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OTC Cold Medicine Recalled After Dangerous Product Mix-Up, FDA Warns

Officials say the mishap could lead to "serious adverse events."

Coming down with a cold is never fun, but at least over-the-counter (OTC) medicine can help offer some relief. That's why many people run to the pharmacy at the first sign of sniffles, sore throat, or a cough to pick up their go-to brand and alleviate their symptoms. But before you reach for your next dose, you might want to check what's in your cabinet. That's because the Food & Drug Administration (FDA) just announced that an OTC cold medicine has been recalled after a dangerous product mix-up. Read on for more information and to see if you're affected by the move.

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The FDA just announced a recall for an OTC cold medicine.

father holding child by medicine cabinet
SrdjanPav / iStock

It might be time to check what cold medicines you have on hand. On May 19, the FDA announced that Novis PR LLC had issued a voluntary recall of its G-Supress DX Pediatric Drops.

The OTC medicine is sold as a "cough suppressant, expectorant, and nasal decongestant used for the temporary relief of the common cold symptoms" packaged in 1-ounce bottles inside a carton box. The company says the recall affects Lot D20911 with the expiration date "10/25" stamped on the packaging.

A product mix-up has created a potentially dangerous situation for consumers.

liquid medication pouring from amber bottle into spoon

According to the recall notice, the company pulled the item from shelves after discovering that some cartons contained a different product. Specifically, the packaging contains half-ounce bottles of an oral anesthetic/analgesic used for "temporary relief for the mouth and gums" instead of children's cold medicine.

The product mix-up creates a potentially dangerous situation as the anesthetic/analgesic product contains 60 percent ethyl alcohol and 5 percent benzocaine. The company says this could cause "serious adverse events," including alcohol toxicity.

"Infants and young children are prone to profound hypoglycemia coma, and hypothermia from ingesting relatively small amounts of ethanol, and deaths have been reported," the notice warns. Benzocaine could also cause methemoglobinemia, a "condition in which too little oxygen is delivered to your cells that can be life-threatening."

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Here's what you should do if you have the affected item in your medicine cabinet.

Pharmacy Drugstore Checkout Counter:

So far, Novis says it hasn't received any reports of adverse reactions or injuries related to using the product. But the company is advising customers with the recalled cold medication to stop using it right away and return it to its place of purchase.

The company adds that it's reaching out to distributors and customers by phone to alert them about the recall. In addition, anyone with questions or concerns can contact the company by calling a customer service number listed on the FDA's notice. Customers who believe they may have experienced health problems or adverse effects related to taking the item should contact their healthcare provider immediately.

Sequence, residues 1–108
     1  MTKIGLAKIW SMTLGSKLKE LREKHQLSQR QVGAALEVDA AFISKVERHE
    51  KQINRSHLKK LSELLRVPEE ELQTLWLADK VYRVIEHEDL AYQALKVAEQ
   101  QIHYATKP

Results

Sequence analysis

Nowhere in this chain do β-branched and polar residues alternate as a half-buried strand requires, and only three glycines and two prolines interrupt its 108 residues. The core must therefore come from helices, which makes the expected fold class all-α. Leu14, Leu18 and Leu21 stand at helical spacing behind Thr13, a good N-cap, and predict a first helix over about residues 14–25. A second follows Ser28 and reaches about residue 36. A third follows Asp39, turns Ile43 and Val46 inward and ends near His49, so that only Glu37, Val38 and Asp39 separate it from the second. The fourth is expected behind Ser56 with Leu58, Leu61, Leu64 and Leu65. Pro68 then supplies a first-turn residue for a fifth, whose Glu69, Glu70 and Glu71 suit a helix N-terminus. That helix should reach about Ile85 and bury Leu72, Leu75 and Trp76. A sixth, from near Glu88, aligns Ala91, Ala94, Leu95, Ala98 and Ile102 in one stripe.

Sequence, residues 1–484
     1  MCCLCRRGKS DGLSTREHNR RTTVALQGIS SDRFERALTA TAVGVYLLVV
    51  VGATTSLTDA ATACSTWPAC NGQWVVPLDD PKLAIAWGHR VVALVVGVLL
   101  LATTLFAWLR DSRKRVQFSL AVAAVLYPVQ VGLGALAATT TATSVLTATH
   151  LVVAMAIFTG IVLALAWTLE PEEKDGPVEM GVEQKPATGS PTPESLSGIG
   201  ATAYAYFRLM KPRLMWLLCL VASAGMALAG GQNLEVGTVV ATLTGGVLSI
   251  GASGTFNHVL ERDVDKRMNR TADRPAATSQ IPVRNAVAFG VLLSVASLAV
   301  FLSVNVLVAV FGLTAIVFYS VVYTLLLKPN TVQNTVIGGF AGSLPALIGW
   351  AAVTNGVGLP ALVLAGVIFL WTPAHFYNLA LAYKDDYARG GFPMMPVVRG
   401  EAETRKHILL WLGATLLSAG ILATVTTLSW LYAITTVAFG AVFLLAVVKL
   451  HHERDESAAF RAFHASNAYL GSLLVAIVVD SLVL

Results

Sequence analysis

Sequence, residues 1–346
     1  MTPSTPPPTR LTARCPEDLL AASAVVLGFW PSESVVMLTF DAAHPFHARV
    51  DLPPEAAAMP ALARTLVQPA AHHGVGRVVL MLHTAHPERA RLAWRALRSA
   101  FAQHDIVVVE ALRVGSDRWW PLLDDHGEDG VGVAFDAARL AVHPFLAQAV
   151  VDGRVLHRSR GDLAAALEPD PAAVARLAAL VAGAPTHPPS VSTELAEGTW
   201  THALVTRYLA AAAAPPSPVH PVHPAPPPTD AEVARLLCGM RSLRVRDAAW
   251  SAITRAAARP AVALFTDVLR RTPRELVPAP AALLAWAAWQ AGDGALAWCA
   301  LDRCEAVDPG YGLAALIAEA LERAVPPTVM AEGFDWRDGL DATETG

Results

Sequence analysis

There have been other recent recalls issued for OTC medicines.

Standing in the store pharmacy, the unrecognizable woman holds over the counter medicine as she tries to make a decision.

This isn't the only time recently that OTC medicines have been pulled from shelves over safety concerns. On May 18, the U.S. Consumer Product Safety Commission (CPSC) announced that Acme United had recalled four of its PhysiciansCare brand allergy and cold medications. In this case, the company said the products weren't sold in child-resistant packaging, "posing a risk of poisoning if the contents are swallowed by young children."

Another recall was issued for seven different OTC Advil products sold at Family Dollar earlier this month. In a May 4 notice, the FDA said that 73 batches of the medicine were pulled from shelves after the retailer had stored the items "outside of labeled temperature requirements." Customers were advised to return the affected products to their store of purchase for a full refund.

And on April 26, the FDA announced that Illinois-based Akorn Operating Company LLC had issued a voluntary recall for over 80 of its medicinal products, including OTC meds, prescription drugs, and pet medical products. The manufacturer pulled the items from the market—which included common products such as artificial tears, lidocaine ointment, and vitamin D drops—just over two months after it filed for Chapter 7 bankruptcy and terminated all its employees at its domestic U.S. production sites.

The company said that without its in-house quality assurance program in place, it would no longer be able to support or guarantee that the items will meet specifications through the rest of their shelf life. As a result, customers were advised to throw away any of the affected products and to contact their healthcare provider.

Zachary Mack
Zach is a freelance writer specializing in beer, wine, food, spirits, and travel. He is based in Manhattan. Read more
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